The mid-late '50s era is where it started to go bad. Detroit started selling cars that were not only sleeker than what the customizers were building but flashier as well, and in answer they started throwing stuff against the wall to see what would stick. Some singularly ugly cars came out of this era, with fins and quad lights on everything with little regard to if it 'worked'. But there was one iconic custom from this era that probably did almost as much to change customs as the Hirohata Merc; the Ala Kart. This one was all George, and forever cemented his status. A very well integrated design and very much 'outside the box', so much so that Roth used it for inspiration of the Beatnik Bandit. This is the car that started the 'show rod' category.

    Current state of affairs? Unfortunately, pretty stagnant. There seems to be four schools of thought these days. The 'chop the top and do mild mods to the rest' crowd most notably like John D’Agostino and Richard Zocchi is one, but to me this barely nudges them out of the 'mild custom' category. Their few forays into full-on radical have been less than successful IMO.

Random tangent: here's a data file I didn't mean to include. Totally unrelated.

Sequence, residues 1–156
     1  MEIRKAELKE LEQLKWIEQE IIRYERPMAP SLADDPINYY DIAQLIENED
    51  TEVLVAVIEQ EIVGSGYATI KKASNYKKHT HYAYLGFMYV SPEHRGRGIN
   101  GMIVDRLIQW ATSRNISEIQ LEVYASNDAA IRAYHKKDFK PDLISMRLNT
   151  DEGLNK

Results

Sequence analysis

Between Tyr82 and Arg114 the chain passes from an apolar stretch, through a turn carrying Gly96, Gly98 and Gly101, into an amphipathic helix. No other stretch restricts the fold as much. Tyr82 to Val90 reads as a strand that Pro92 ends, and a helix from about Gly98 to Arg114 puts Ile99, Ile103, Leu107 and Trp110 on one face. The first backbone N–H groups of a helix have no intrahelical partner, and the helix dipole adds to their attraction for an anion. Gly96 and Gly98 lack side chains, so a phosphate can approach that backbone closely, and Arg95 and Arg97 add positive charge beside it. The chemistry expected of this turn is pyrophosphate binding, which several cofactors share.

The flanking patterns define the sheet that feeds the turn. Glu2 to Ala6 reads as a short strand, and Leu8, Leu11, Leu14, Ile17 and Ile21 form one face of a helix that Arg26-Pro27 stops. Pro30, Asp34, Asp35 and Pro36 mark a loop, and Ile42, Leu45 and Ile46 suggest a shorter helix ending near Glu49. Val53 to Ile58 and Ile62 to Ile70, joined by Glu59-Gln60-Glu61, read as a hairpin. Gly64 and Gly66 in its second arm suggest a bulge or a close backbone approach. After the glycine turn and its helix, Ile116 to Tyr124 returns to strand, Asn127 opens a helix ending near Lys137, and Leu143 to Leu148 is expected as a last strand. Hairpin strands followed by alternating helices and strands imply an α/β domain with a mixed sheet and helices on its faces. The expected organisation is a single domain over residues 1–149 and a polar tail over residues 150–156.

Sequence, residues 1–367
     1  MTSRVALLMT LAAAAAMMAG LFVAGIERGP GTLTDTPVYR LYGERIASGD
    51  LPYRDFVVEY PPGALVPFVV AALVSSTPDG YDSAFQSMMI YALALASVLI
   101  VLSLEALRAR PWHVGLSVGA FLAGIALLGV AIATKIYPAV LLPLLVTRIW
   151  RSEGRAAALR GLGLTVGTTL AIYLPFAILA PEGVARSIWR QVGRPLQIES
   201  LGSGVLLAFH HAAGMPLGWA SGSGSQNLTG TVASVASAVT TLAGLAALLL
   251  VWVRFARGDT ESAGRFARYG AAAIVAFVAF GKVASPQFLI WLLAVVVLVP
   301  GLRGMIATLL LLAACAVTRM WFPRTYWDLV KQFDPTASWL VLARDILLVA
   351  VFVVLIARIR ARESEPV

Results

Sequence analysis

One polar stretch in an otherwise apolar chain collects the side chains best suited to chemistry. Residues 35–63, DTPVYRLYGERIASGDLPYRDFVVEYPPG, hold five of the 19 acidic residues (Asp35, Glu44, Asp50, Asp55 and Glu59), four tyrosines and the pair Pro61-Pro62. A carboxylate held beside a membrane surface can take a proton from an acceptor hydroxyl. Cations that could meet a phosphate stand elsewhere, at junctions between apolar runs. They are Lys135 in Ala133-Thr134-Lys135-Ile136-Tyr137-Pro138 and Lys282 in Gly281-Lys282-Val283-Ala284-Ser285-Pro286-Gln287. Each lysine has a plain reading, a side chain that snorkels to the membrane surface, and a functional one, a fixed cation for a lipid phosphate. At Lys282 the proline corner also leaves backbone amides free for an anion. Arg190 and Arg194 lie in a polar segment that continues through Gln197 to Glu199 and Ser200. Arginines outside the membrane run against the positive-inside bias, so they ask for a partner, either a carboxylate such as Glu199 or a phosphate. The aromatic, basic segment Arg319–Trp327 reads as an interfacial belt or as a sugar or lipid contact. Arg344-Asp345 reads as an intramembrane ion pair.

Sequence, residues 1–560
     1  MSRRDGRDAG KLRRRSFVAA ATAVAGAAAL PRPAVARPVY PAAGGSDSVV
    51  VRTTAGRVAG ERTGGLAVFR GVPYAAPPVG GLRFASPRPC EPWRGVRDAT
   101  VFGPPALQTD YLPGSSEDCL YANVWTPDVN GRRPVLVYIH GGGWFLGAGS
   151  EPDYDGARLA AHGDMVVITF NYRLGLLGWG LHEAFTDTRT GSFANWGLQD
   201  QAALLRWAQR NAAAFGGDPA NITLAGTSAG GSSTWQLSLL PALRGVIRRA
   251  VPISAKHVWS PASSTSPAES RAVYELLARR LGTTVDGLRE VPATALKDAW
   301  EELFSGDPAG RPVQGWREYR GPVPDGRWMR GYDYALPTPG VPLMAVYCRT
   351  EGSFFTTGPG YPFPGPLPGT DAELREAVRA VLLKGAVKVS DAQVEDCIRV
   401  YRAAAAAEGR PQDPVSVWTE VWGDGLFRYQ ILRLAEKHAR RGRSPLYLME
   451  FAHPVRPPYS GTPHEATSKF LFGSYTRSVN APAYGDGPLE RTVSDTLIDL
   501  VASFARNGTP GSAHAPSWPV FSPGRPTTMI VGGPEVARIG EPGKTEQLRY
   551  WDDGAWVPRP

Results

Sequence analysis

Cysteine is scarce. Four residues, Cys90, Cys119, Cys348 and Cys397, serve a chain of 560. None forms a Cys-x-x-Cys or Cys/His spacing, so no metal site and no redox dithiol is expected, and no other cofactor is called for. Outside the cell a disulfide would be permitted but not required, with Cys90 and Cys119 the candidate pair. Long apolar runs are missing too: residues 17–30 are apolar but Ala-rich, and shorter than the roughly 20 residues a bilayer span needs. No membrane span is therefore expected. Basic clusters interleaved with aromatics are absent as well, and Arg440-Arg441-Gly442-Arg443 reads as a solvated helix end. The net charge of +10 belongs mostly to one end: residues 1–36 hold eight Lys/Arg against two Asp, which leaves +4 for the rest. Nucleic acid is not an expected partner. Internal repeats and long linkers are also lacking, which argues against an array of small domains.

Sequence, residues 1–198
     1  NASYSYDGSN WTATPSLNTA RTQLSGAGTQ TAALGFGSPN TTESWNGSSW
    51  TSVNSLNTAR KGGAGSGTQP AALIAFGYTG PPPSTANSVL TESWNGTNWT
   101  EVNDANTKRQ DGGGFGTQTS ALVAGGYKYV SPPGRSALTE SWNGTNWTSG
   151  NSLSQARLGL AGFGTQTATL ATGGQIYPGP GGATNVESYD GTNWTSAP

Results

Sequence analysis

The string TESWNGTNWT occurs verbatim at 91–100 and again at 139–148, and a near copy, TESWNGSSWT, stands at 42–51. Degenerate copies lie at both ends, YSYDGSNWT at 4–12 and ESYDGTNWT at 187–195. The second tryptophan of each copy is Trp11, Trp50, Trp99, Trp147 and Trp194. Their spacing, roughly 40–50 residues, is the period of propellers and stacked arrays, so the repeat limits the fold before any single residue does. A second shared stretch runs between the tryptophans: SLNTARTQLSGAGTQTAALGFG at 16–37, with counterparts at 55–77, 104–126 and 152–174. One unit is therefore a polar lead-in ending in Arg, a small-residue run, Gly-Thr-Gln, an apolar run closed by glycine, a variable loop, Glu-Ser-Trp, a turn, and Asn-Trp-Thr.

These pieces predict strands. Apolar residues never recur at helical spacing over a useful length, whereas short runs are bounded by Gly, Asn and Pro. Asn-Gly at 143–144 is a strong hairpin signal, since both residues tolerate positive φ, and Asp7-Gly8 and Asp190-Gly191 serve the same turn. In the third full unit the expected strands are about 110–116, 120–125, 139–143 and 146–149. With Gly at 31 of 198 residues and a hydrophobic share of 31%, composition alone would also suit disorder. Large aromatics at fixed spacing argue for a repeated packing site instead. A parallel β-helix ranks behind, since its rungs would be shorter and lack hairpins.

The second school is basically cloning something that exists, mixing the usual parts on the usual cars. The Hirohota Merc seems to have established this pattern. Some are very well executed, but basically seem to be stuck firmly in the pre-'58 era. I'm not trying to take anything away from this group, but damn, I'd sure like to see a bit more originality once in a while. I don't care if I never see another DeSoto grill or Packard taillight.

    Third is the preservationists. Those lucky individuals with 'original' customs from 'back in the day' particularly if it's one of the better-looking examples (yeah, I'm talking to you Moriarity! LOL!). Unfortunately it's a small club. Why these cars don't inspire more is beyond me...